3 Outside-the-Box Lesson Plans for your Homeschooler

3 outside-the-box lesson plans for your #homeschooler #homeschool

 

If you homeschool your children, it can be very easy to fall into a routine that becomes boring for all of you. Even if you have the most fundamentally-sound lessons, without some creativity or innovation, you will not engage your students as well as you could. It may be time to consider thinking outside the box to spark your teaching and your kids’ learning at home.

 

  1. Connect Math Lessons to Real Life

 

One of the most frequently asked questions in any classroom is, “When will I need to know this?” Kids don’t always see the relationship between the concepts they learn and the real world, so consider thinking outside the box when planning math lessons. This trick is especially helpful when teaching measurement, geometry, and finances. There are several lessons you can use with students at nearly any learning level to connect math to real life.

 

For example, you can instruct elementary students on planning and designing a playground given a certain set of parameters for perimeter, area, or budget. Or, you can instruct older students to design their ideal bedroom and determine how much flooring, paint, furniture, etc. they will need. If you choose to use one of these real-life math lessons, you will need graph paper so the kids can visualize their designs and make their projects true to size at scale.

 

  1. Multidisciplinary Butterfly Lesson

 

While some teachers get caterpillars and raise butterflies with students, there are extending learning opportunities you can add that will engage students more thoroughly. Of course, the science lessons kids learn by raising butterflies include metamorphosis and life cycles. Rather than purchase a kit for raising butterflies, however, you can increase the engagement for students and teach them about plant and insect identification by having them look in their own yards and nearby parks for caterpillars that transform.

 

To go outside the box with the butterfly lesson, give students fiction and nonfiction books about monarch butterflies. Ask them to compare and contrast their knowledge and share what they have learned as a result of the reading. Then, connect the lesson to geography by asking students to map the migration of the monarchs. You can also connect the lesson to mathematics by measuring the caterpillars and their chrysalises, calculating the distance they fly, determining how many survive migration, and so on. You can adapt the lessons and questions to meet the academic levels of your students.

 

You also can go even further outside the box by completing arts and crafts activities relating to butterflies and their colors with your students. Younger students may enjoy making butterfly magnet crafts to hold school projects on the refrigerator, while older students may enjoy completing a butterfly needlepoint craft that they could donate to an assisted living facility as part of a community service project.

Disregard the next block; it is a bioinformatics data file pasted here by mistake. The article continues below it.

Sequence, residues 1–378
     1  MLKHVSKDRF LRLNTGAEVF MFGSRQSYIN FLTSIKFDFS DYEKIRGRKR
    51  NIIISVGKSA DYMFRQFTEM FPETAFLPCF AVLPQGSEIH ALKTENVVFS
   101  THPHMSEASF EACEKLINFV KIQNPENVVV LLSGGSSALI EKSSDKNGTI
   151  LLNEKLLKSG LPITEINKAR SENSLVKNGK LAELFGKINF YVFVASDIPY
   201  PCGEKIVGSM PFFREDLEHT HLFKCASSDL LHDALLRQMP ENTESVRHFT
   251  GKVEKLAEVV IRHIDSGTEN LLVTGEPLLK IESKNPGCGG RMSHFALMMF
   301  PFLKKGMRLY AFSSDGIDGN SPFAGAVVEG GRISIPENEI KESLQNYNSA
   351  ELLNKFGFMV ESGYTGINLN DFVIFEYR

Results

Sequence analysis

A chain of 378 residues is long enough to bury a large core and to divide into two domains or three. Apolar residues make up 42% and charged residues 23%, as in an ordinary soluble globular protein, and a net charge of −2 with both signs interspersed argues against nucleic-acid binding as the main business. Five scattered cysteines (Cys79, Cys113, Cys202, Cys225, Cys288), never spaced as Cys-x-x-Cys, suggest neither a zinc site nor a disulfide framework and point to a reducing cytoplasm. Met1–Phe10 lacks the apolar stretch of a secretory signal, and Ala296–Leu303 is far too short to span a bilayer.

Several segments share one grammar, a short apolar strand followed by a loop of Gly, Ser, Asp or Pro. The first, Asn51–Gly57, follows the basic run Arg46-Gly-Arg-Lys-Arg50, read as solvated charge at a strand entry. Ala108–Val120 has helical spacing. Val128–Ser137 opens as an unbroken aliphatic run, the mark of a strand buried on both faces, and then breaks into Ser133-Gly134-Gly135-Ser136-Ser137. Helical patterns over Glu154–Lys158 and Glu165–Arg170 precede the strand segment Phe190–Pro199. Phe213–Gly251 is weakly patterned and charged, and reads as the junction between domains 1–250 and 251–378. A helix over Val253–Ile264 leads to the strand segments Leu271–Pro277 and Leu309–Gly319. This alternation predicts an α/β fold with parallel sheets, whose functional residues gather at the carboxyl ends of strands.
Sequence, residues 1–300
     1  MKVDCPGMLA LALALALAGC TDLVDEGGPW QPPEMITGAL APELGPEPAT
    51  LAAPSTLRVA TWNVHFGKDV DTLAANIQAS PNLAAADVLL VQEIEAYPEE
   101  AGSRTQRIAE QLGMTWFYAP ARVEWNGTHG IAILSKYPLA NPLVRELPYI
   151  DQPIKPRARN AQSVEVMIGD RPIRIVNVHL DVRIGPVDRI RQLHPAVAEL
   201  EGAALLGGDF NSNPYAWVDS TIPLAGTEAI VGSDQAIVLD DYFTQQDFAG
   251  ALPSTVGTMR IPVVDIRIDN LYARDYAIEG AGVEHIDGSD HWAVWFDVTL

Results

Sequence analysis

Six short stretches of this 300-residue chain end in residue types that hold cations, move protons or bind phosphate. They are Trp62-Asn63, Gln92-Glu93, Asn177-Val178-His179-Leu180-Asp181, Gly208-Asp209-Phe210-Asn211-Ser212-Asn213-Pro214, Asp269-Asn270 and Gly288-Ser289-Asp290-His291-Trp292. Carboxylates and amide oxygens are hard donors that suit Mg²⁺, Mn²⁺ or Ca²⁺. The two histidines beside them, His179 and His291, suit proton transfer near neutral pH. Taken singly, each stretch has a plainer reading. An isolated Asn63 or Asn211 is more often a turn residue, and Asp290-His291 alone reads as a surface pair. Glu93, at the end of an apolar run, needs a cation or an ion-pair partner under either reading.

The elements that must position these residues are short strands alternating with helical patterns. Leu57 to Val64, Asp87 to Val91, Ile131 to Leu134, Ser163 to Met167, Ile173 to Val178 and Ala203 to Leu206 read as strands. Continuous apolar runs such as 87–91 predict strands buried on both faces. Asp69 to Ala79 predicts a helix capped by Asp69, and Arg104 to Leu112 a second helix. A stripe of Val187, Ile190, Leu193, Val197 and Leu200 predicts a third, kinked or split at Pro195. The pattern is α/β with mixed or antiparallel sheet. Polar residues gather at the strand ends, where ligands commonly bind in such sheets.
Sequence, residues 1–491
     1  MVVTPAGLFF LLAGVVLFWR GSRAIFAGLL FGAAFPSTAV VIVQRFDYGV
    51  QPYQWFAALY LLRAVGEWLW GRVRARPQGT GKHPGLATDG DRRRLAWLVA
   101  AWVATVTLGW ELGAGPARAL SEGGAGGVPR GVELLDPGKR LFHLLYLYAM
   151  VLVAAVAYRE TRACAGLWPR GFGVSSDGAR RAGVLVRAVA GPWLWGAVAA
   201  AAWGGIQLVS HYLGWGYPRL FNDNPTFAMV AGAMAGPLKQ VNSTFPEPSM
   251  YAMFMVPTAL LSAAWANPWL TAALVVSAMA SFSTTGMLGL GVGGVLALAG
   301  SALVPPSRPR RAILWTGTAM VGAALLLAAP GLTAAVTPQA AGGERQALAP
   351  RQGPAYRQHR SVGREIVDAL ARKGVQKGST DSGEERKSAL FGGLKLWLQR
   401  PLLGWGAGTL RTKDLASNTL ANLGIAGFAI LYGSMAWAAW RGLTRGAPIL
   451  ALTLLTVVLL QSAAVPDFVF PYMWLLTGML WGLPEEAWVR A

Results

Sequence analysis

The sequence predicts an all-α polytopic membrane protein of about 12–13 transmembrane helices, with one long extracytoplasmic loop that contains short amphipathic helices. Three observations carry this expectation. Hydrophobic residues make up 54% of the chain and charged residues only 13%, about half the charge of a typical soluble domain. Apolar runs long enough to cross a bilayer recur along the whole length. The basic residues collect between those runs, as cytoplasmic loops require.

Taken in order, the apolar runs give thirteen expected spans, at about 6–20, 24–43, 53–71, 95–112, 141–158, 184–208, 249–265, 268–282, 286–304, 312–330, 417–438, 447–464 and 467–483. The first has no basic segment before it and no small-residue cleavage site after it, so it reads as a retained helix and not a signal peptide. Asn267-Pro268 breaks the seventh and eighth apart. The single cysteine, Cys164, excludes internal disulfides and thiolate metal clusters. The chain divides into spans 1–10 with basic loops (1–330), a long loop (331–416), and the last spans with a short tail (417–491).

1. Enhance Social Studies and Foreign Language Lessons with Technology

 

ePals is a community of classrooms that collaborate to engage in cross-cultural exchanges, project sharing, and language learning. Go beyond traditional social studies and foreign language lessons that incorporate reading, writing, speaking, and listening to include students from the areas about which your homeschoolers are learning and to learn from kids who speak the foreign languages natively. A modern spin on pen pals, ePals will give your homeschool students the opportunity to learn about another culture from kids who are a part of it, and to share their own culture with others.

 

ePals also delivers a platform for learning about proper ways to communicate via social media in a safe way. Introducing students to email and chat and online presentations with ePals helps them develop writing and speaking skills while using technology in a natural, real-life way. You also can work with students to share their thoughts and lessons from using ePal in a journal. Students will be able to communicate with you via writing journals that share their reflections.

 

Creating new and innovative lessons for your homeschoolers will keep them more engaged throughout the school year and help them connect their learning to their real lives. They will gain a deeper understanding of concepts and hone their skills more thoroughly when you think outside the box while designing your lessons.

 

Joyce Wilson may have retired from teaching but that doesn’t mean she has lost her passion for education. On her site, TeacherSpark.org, she is working to build a resource of engaging lesson plans, activities, and other fun learning opportunities for her fellow educators and for parents.

Lisa
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About Lisa

Hey! Thank you so much for stopping by. I'm Lisa - a homeschool mom of 3 (2 boys and 1 girl). I care about the strength of the family in America, and often blog about babies/kids, natural parenting, homeschool, and marriage. Before you leave, please sign up for my monthly newsletter (on the top right). If you do, you will be well rewarded with notification of all giveaways and sales - which will not be announced on the blog. Google+ Profile

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